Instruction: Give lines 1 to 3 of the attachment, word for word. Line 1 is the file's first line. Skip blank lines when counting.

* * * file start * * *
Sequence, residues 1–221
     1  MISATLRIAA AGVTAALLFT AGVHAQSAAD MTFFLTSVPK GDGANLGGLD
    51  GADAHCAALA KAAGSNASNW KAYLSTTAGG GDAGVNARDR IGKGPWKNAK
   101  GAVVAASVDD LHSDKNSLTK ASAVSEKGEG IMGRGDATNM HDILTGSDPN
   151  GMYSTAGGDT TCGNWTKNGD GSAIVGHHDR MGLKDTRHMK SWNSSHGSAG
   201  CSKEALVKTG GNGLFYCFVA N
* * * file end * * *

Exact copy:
Sequence, residues 1–221
     1  MISATLRIAA AGVTAALLFT AGVHAQSAAD MTFFLTSVPK GDGANLGGLD
    51  GADAHCAALA KAAGSNASNW KAYLSTTAGG GDAGVNARDR IGKGPWKNAK